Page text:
Here's an image of the lumbering Athenian army marching toward Maronea:



Pericles dispatches a large fleet to Samos and the Athenian army in Chalcidice marches north to lay siege to Amphipolis. Rhodes continues to evade attrition by purchasing grain at exhorbitant prices from the Persians and smuggling it inside the city. [Note: There is no game mechanic for this - just artistic license here to explain why Rhodes continues to hold out].

The Greek high summer brings an additional revolt in Chalcis along the northern end of the Isle of Euboea.

Here's an image of the Euboean revolt along with Naxos, who has remained unscathed so far, despite it's revolt against Athenian hegemony:



Corcyra continues its campaign against Sparta's ally, Ambracia by laying siege to its capital, Leucas. Rhodes continues to hold out against the Athenian siege, but Amphipolis--refusing to surrender to Athenian overtures--is assaulted and conquered. The population is spared and dealt with generously, but the rebels and their families are turned out and executed.

The Athenian army in Thrace wastes no time after the fall of Amphipolis; they march immediately for Maronea, hoping to reach (and conquer) the distant city before winter.

As fall came on, Sparta continues to aid its allies Thrace and Corinth in building up their phalanxes for what King Archidamos sees as a chance to possibly siege Athens, if the timing proved propitious. Sparta supports the rebels morally and politically where it can, but the end effect was that few rebels throughout the Athenian subject regions receive any aid from Sparta.

The mountainous regions of Thrace stall the Athenian army in the region of Abderra, where their general reluctantly determines that they will not be able to reach Maronea by land this year. He makes a brief appeal to Pericles for ships to transport them, but none are immediately available, as the fleets are needed to launch various sieges right at the end of the year.

Here is an image of the Athenian army struggling through the long expanses of Thrace:



An Athenian fleet also lands in Rhodes, and with the new landing force threatening to overwhelm the tiny contingent of defenders, Rhodes accepts generous peace terms and capitulates to Athenian rule. The rebel leaders are spared, but thrown out of office and into disgrace.

During winter, the Corcyrans decide to tenaciously remain outside the Leucan gates during the winter. Having had no harvest, and fearing the worst, Leuca considers surrendering to the Corcyrans, but its resolve is strengthened by the hope that Sparta might come to its rescue the following spring. Leucas reluctantly holds out, suffering severe starvation [1 cv block eliminated, only garrison remains].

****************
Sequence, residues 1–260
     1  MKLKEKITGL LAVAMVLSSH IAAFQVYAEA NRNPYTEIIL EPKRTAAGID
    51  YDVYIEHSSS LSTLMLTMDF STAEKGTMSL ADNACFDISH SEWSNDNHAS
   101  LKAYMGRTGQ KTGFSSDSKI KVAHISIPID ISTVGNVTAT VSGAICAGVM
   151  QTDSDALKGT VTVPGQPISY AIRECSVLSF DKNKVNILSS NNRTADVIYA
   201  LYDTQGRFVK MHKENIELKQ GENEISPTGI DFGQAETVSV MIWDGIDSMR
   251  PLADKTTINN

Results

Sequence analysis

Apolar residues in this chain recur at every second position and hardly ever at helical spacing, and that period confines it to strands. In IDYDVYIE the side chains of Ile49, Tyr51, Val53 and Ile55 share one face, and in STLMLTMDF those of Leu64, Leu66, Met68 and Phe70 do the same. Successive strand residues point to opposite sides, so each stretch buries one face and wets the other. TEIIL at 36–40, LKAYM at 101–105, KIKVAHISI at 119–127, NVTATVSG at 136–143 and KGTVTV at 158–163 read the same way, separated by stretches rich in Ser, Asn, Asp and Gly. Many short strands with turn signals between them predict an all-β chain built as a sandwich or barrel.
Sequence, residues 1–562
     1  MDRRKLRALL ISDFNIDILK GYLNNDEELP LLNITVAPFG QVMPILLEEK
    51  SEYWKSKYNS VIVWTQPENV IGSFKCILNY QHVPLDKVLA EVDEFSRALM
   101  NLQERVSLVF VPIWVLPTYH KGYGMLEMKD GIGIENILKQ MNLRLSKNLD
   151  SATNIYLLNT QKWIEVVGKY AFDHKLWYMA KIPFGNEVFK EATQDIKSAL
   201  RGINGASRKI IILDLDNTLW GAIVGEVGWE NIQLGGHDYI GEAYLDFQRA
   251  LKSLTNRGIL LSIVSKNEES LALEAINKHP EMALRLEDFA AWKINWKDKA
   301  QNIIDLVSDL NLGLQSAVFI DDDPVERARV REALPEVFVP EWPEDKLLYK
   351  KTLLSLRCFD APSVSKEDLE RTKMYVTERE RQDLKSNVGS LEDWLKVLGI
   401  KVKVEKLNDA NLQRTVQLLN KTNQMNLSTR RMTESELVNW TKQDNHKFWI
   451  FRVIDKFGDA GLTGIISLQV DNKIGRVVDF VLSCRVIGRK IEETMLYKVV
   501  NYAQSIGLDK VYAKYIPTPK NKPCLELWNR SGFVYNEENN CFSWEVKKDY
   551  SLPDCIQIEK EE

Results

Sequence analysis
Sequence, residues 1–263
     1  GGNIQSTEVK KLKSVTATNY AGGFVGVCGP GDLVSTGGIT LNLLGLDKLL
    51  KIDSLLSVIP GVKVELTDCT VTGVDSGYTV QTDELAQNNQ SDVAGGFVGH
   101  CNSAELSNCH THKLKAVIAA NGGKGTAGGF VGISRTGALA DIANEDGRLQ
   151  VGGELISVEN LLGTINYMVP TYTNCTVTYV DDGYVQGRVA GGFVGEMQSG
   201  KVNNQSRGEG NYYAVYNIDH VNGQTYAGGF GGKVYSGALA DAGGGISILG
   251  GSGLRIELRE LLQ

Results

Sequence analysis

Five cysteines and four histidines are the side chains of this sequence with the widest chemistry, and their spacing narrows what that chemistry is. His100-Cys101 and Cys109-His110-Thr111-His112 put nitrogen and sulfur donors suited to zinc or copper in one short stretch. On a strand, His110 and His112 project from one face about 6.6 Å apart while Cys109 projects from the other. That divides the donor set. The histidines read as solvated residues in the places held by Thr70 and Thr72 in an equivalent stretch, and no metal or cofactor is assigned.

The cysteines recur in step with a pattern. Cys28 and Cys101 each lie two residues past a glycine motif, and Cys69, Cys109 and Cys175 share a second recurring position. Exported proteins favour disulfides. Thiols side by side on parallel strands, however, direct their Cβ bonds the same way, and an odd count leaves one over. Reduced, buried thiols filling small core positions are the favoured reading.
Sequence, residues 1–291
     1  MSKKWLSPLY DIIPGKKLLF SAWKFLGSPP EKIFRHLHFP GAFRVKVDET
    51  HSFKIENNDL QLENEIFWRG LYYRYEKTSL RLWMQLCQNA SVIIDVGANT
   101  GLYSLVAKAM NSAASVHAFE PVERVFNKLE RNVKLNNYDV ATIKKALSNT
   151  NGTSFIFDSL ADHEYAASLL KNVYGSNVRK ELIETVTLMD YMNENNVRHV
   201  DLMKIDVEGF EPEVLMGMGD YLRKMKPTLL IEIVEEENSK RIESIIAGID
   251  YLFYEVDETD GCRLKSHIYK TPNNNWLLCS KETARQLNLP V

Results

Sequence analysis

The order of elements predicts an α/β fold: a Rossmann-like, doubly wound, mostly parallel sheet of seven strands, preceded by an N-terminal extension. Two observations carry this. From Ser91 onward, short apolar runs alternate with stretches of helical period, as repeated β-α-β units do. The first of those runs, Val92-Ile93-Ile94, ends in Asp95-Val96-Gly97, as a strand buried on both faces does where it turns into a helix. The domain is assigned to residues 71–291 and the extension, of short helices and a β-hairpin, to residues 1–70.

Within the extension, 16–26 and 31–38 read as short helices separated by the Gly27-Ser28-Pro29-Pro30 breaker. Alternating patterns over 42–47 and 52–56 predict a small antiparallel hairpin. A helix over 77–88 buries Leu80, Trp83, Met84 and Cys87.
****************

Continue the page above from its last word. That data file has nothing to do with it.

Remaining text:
Here is the map at the end of 430:



The Corcyrans in Ambracia continue their siege of the capital city of Leucas, but to little effect, yet. The Corcyrans, a tiny island nation that sparked the war in the first place, decides to tenaciously remain at the gates of Leucas through the Winter.

Pericles plans ahead by laying the hulls for new fleets at Athens and raising replacements for the campaigning phalanxes [Athens recruits new units].

429 - The Fall of Ambracia

The rebellions springing up throughout the Delian League prompt the Council of Athens to demand answers from Pericles. Pericles was unapologetic; it was true, he said, that the citizens of Athens were worried and displeased with the turn of events, but what was he to do? Pericles urges the Council to hold the line. Whatever the political effects of the rebellions, how much worse, he say, would it be for Athens to lose the war?

By the spring of 429, Athens had three revolts on its hands of any significance: Naxos, Chalcis, and Maronea [7 prestige for Sparta]. Of the three, Naxos was the most wheedling, because they had yet to be challenged by Athenian military power and had enjoyed nearly a year without any retaliation. The Corcyrans were the only bright spot on the Athenian ledger, with Ambracia lying in Corcyran hands [1 prestige for Athens] and Leucas under siege.

The Spartan advisors around King Archidamos counsel him to sail for Leucas. King Archidamos refuses. A conspiracy to remove King Archidamos from power forms, and several Spartan nobles successfully ostracize him by spreading vicious rumors. Archidamos leaves Sparta with a small household guard fearing for his life if he stays in the city. He lays a curse against Sparta until his return. [Note: The Spartan player actually played an event to ostracize Archidamos because is only a +0 leader. He wanted the slot empty in case he could play a +1 leader later].

The oracles at Sparta and Corinth proclaim dark omens for Lacedaemon and her allies.